The Book of Indian Rulers
February 5, 2011 § 1 Comment
This book is marketed by Penguin Books as the companion volume of Romila Thapar’s ‘A History of India Volume One’ (also known as ‘The Penguin History of Early India‘) – but the similarities end with the name, and the fact that they are both writing about the same piece of real estate.
Thapar’s book does refer to political history – kings, wars, dynasties, that sort of thing – but only tangentially. Hers is primarily a history of the people of India, an inquiry into the origin of our customs, languages, religions, cults and castes. It is written by an Indian, and intended for an Indian audience. By this, I don’t mean that it is written in an ultra-nationalist way – if anything, Thapar shows that it is possible to write history from a national perspective without engaging in jingoism or ancestor worship.
Spear, on the other hand, is mostly concerned with political events, then with administrative structures and processes. His is a history , not of the people, but of the rulers of India – Mughal, British, and the Nehru father-daughter tag team – between 1526 and 1977. And above everything else, it is a book written by a foreigner, and meant for a foreign audience.
Not, of course, that there is anything wrong with histories written by foreigners – the British view of India is a valid perspective, and I have been told that the best history of India in existence is still the one by AL Basham; moreover, a foreign view lends balance to the more hotly patriotic views that some Indian historians think it is their duty to hold. I merely wish to point out that Thapar’s book and Spear’s do not gel together as two volumes of a single body of knowledge.
Even in terms of chronological time, Spear’s narrative does not pick up where Thapar leaves off. Thapar had trailed off at around the time Qutb-uddin Aibak became Sultan of Delhi (1206 AD); Spear picks up play with the first battle of Panipat (1526 AD) and carries through till the installation of Morarji Desai as the Prime Minister of India in 1977. It is a slim book for so vast a topic – he jams in 450 years of history into 270 pages, and if your main concern is events, that’s a lot of goings-on per page. Spear himself thought that his book’s unique proposition was its combination of Mughal and British history in a single volume, but I am not so happy with the result. The advent of the British, typically reckoned from the Battle of Plassey in 1757, divides these 450 years into two roughly equal halves. I expected Spear to devote equal attention to his two main themes, but he doesn’t. By page 80, the Mughals have been dealt with, and Robert Clive is already in Bengal; by the time Lord Mountbatten leaves Delhi, we are on page 240, and the book is nearly over. I have no complaints with the emphasis on the British Raj; I only wish he’d devoted more space to the Mughals, and to Indians in general. For instance, Spear spends almost ten pages on Lord Cornwallis and his administration, yet devotes less than five pages to the 1857 mutiny (Tantiya Tope, the Rani of Jhansi and Nana Saheb are mentioned exactly once each). Also, he makes at least one factual error – he quotes the couplet, “From Delhi to Palam / Is the realm of Shah Alam” (‘az Dilli ta Palam/Badshah-i-Shah Alam‘) in context of the aftermath of Timur-i-lang’s invasion of Delhi in 1398, but the Shah Alam referred to in the couplet lived 400 years later. Perhaps he confused Timur with Nadir Shah? (Several months after I read this book, I finally made the connection: Spear was referring not to Shah Alam but to Alauddin Alam Shah, the last Sayyid dynasty ruler who abdicated the Delhi Sultanate in favor of Bahlul Lodi in 1448)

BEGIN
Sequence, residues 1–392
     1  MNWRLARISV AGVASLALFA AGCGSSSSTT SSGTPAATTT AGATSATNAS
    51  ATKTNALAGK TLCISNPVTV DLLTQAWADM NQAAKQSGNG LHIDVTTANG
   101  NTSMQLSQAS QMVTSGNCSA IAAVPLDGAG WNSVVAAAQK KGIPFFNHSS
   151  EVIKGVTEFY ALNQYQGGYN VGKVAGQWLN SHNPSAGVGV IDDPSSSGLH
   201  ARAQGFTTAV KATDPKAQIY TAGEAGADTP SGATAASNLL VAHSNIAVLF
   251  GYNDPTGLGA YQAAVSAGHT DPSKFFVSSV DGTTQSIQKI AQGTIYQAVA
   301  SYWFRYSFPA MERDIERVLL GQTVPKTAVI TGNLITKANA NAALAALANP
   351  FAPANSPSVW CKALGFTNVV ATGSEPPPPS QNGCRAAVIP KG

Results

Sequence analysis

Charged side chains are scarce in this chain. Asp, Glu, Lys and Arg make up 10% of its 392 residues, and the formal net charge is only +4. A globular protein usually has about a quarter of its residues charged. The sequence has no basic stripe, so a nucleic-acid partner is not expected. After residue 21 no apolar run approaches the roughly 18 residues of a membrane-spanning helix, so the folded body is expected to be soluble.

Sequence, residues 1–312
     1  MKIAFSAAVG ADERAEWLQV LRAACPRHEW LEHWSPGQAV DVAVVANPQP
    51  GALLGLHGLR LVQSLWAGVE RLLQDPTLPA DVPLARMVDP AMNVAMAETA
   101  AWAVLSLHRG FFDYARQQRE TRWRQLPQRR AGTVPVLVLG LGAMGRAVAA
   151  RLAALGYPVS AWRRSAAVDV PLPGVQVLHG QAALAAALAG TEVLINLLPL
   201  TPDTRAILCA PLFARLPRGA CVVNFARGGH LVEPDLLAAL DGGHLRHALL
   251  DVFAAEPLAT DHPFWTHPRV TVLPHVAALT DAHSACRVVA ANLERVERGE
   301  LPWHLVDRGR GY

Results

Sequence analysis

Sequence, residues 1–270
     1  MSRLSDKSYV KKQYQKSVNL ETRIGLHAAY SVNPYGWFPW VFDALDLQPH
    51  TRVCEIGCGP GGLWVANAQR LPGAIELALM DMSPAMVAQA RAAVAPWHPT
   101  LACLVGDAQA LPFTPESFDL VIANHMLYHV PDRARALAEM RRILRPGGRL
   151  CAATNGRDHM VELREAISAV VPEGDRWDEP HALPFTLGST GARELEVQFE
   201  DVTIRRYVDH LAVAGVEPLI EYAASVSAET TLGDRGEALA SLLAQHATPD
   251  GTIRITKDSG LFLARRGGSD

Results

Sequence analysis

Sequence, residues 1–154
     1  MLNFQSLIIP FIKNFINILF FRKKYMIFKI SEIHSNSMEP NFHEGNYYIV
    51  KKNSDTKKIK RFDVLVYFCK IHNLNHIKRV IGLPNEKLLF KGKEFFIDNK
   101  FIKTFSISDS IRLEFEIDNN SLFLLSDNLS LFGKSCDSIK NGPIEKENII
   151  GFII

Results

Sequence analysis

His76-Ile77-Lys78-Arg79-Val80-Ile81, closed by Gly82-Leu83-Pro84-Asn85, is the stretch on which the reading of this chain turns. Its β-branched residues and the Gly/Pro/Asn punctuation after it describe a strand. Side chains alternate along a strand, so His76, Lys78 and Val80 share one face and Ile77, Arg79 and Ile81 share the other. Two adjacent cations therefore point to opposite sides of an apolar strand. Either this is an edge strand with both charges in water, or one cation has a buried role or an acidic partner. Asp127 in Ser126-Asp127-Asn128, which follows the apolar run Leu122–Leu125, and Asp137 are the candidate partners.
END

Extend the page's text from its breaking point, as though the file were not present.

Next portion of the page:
It was interesting, I suppose, to read the British perspective on the Raj and the freedom struggle. I had previously only read school textbooks that vilified the British and lionized Indian leaders, but Spear made me realize that both sides were human, had egos and ambitions, and made many tactical mistakes along the way. That, unfortunately, is the only good thing I can think of saying about Spear’s book. Apart from this, it made for pretty dull reading. Spear neither makes history come alive with evocative depictions of characters and events, nor does he offer sharp enough insights into the process by which the past became the present. Just as Thapar showed that you can be Indian and write unbiased Indian history, Spear showed that you can be British and choose not to avail of the biggest benefit of an outsider’s ring-seat view: the scholarly perspicacity that comes from disinterest. Thapar was eye-opening; Spear made me doze off.